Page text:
In 1998, more than 9.2 million overnight stays in national parks in America were recorded. Flash forward 15 years to 2013, and then number has dropped to 7.91 million. The phenomena isn’t limited to the USA. In the UK, camping has declined by 1/5 since 2002 and Australians are camping less too. In short, people aren’t taking their kids camping as much anymore. Before you choose a hotel for your next family holiday, consider all of these good reasons to take your kids camping.
Camping Builds Self Esteem
Last summer, I took two mom friends and their kids camping. It was us 3 moms and 3 kids aged 3-5. At the time, one of the kids was having a really hard time separating from his mom. He wouldn’t even go play at birthday parties and instead clung to his mother. A lot of it had to do with the fact he lacked confidence, especially in new situations.
Considering how scared the boy was in everyday life, it was amazing to see how easily he took to camping. He helped us put up the tent and gather firewood. I showed him how to build a fire (though I did the lighting). We went for a hike in the woods. After each task, he was beaming with pride. The experience of camping and hiking really helped him come out of his shell and feel good about himself.
As an article in Today’s Parent points out, it takes more than praise to build a child’s self-esteem. Jim Taylor, the author of Your Kids Are Listening: Nine Messages They Need to Hear from You says that:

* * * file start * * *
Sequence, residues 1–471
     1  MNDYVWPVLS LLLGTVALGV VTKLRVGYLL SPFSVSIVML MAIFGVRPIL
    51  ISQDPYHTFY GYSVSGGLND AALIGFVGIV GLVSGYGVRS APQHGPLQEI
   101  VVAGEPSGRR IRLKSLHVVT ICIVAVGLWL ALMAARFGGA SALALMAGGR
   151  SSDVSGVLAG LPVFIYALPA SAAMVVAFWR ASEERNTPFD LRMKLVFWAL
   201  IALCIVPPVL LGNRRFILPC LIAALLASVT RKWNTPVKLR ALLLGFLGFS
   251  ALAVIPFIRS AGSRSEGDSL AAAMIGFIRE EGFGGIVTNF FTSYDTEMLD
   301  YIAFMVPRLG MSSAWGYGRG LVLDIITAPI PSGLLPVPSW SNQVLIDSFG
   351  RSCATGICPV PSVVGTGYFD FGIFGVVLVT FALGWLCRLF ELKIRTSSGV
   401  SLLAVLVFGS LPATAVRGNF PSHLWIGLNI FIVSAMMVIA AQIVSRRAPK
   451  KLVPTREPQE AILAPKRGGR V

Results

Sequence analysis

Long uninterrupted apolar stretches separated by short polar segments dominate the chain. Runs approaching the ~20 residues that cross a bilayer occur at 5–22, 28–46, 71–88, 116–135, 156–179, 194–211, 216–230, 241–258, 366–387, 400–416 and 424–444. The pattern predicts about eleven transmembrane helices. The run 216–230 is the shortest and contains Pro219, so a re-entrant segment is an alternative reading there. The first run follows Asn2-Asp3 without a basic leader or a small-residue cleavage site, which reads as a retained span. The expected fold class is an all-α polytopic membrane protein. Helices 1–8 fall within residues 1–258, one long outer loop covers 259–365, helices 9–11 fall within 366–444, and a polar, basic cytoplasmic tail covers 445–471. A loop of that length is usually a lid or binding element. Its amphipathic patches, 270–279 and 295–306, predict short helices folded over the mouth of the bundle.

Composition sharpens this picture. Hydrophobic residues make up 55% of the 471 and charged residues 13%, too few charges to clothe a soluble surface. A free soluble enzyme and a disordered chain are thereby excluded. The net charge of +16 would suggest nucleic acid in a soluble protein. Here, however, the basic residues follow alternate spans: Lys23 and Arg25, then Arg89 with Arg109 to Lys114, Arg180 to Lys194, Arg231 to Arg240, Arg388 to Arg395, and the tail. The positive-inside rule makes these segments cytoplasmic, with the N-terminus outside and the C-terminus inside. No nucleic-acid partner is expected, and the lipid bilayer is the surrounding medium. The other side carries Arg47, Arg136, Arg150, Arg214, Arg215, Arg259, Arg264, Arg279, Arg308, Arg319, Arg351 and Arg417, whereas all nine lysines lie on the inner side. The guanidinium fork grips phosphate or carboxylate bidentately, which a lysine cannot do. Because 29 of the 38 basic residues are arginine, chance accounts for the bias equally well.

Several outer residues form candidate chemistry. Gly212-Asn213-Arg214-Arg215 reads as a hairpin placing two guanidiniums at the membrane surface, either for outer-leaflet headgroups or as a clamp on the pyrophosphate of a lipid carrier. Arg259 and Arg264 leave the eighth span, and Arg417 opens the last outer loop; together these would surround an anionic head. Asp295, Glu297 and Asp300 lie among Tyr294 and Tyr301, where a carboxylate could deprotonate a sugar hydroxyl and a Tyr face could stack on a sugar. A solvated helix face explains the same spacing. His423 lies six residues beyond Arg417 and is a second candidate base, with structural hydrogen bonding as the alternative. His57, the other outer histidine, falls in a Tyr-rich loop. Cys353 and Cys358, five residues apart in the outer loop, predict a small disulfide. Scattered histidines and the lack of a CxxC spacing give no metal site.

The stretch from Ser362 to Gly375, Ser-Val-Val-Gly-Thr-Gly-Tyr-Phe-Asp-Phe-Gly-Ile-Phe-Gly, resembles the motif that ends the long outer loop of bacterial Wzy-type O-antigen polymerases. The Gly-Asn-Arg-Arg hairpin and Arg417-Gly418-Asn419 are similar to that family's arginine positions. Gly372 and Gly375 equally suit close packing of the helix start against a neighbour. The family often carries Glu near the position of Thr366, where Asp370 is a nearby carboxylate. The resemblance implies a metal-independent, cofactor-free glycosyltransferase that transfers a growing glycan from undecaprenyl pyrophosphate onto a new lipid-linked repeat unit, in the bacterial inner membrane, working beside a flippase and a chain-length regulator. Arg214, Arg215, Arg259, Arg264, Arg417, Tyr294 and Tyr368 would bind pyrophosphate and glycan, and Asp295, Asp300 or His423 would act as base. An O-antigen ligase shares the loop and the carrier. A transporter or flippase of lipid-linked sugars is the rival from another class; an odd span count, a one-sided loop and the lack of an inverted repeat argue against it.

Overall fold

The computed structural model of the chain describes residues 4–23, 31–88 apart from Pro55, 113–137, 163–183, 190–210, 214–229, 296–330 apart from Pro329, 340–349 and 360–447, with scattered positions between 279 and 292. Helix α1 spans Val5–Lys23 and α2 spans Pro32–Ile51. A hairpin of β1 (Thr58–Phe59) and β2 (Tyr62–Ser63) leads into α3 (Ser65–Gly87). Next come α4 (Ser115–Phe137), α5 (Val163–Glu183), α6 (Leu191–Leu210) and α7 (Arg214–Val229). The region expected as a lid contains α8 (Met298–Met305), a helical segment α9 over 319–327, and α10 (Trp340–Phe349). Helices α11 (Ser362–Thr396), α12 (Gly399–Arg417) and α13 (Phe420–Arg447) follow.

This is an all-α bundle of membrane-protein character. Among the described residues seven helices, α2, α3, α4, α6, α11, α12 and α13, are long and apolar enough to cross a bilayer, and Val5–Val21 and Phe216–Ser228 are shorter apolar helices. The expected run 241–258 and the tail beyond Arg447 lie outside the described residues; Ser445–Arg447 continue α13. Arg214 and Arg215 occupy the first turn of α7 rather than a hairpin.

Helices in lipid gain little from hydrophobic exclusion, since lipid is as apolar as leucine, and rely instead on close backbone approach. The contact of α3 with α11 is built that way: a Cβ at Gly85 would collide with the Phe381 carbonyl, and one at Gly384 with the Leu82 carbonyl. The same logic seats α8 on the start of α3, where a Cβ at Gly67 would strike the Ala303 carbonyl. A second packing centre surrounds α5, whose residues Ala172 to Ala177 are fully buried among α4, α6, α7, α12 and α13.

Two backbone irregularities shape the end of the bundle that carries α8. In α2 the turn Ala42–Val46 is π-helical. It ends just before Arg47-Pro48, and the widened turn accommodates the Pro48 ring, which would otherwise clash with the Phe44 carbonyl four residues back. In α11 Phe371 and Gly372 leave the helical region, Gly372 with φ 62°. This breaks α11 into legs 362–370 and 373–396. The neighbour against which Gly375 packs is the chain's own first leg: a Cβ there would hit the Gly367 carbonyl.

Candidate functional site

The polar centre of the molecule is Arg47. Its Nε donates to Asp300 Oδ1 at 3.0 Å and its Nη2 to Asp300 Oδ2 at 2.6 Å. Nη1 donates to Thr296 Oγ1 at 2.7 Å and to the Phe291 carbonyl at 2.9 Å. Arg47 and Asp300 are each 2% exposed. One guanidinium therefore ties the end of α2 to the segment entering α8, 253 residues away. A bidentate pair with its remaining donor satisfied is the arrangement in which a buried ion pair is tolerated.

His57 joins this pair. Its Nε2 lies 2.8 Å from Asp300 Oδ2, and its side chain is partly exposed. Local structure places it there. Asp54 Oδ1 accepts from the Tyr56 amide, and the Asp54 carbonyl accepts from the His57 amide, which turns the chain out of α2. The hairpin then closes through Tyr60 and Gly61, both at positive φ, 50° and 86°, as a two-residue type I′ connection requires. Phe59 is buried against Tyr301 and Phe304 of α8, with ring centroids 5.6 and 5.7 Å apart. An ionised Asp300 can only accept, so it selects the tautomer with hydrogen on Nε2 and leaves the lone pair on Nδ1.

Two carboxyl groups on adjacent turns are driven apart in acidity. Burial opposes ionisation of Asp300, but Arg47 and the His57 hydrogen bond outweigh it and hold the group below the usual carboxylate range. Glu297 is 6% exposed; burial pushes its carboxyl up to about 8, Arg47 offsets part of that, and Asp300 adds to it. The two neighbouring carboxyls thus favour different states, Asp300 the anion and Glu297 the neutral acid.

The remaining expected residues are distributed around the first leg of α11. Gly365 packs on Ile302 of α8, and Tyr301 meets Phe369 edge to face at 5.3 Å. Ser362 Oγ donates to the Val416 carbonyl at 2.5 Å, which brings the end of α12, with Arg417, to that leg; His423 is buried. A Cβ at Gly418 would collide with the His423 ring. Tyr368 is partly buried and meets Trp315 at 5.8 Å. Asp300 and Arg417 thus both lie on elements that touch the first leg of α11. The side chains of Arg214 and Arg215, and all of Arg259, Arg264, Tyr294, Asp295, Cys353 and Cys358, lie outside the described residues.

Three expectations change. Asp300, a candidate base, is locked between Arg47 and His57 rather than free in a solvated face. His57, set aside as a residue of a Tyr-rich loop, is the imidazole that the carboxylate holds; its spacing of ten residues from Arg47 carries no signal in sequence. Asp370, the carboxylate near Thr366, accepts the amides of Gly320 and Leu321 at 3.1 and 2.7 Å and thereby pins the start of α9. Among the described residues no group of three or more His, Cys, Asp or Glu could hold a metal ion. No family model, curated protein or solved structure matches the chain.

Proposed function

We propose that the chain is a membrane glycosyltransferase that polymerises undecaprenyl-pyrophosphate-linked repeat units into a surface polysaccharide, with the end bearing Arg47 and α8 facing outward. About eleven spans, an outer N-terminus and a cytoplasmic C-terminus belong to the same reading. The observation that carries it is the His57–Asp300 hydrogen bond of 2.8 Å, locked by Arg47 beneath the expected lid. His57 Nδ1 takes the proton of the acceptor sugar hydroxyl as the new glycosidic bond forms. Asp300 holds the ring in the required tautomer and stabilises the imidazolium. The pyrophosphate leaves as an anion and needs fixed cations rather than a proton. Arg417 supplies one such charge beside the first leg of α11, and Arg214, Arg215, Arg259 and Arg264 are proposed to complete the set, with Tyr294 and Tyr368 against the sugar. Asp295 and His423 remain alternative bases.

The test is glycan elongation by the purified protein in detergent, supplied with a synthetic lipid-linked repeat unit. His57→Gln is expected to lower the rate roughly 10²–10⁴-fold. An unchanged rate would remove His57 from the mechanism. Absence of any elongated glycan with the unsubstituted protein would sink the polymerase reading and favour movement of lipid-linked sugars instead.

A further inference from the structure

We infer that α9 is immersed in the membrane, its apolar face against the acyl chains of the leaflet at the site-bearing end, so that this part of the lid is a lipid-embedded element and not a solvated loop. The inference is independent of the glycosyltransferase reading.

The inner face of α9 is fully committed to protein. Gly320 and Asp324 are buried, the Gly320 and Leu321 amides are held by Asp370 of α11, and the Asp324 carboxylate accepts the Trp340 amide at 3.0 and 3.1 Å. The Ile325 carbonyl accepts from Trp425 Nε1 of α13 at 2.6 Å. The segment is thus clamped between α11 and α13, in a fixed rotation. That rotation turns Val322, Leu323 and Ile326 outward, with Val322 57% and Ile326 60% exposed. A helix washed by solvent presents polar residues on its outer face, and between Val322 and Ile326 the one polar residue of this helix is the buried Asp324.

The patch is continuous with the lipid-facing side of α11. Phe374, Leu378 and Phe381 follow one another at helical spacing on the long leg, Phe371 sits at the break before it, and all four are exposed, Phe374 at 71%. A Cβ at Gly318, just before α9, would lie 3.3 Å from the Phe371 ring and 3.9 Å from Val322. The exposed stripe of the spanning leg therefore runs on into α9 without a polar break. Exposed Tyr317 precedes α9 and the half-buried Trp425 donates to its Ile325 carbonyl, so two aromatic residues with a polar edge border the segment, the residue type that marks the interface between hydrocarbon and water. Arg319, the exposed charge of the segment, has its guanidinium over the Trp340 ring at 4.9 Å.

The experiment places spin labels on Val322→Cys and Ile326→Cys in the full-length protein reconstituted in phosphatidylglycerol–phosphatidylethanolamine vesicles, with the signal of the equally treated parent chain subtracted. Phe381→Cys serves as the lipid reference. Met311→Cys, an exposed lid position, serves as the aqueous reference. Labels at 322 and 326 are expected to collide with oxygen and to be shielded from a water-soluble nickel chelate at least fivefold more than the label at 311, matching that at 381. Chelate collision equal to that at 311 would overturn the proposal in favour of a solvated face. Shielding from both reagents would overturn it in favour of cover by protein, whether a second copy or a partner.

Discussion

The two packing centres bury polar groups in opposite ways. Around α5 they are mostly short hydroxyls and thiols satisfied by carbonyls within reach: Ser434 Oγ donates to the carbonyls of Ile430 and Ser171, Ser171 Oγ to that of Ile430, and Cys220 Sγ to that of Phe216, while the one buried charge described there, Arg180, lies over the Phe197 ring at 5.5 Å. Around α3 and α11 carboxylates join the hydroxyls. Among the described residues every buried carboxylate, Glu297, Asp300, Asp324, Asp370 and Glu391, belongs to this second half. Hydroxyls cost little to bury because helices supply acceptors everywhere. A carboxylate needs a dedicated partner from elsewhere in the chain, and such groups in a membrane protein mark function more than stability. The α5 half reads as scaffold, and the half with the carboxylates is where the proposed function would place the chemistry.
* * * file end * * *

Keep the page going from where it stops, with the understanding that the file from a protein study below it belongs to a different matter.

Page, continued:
Building self-confidence in children starts with helping them become competent in the world. To do so, you have to learn to step back and let your child take risks, make choices, solve problems, and stick with what they start.
Camping Helps Your Kids Disconnect
Tech addiction is a real thing. As an adult who was born in the 1980s, I can still remember a time without computers, cell phones, and the internet. The biggest technology in our home was a Sega Genesis console, which I didn’t like to play very much.
Our kids were born into a world where technology is everywhere. Many don’t know what it is like to go 1 day without the internet. Heck, More than 90% of all two year-olds in America have an online footprint!
An article at Inhabitots points to the numerous alarming studies about technology and health problems in kids.
- Kids who watch 2+ hours of TV per day are more likely to be overweight
- AAP notes that too much screen time is linked to sleep and eating disorders
- Child cell phone use is linked to ADHD
- Too much multimedia content is causing shortened attention spans
- TV and computer use are linked to worse levels of psychological wellbeing
As a parent, I know I can’t deny my daughter all forms of technology (there are many benefits, and we do live in the “real world”). However, I can take her camping so she learns how good it feels to disconnect.
Camping Is Great for Family Bonding
Some of my greatest moments from childhood are from backpacking trips with my dad and sister. If you ask me how I celebrated my birthdays, I can’t remember. I can’t even remember our trip to Disney World. But I do remember picking out candy for our trail mix, singing country western songs in the car ride to the Adirondacks, seeing a beaver making a dam, feeding friendly chipmunks, and making fire-baked bowls out of clay that we sourced from the stream.
Without all of the distractions from work and technology, you can really bond with your kids during camping. And, out in a new environment, you will get to really see their strengths, weaknesses, fears, and interests. In short, you will get to know your kids and they will get to know you.
Camping Is Good Exercise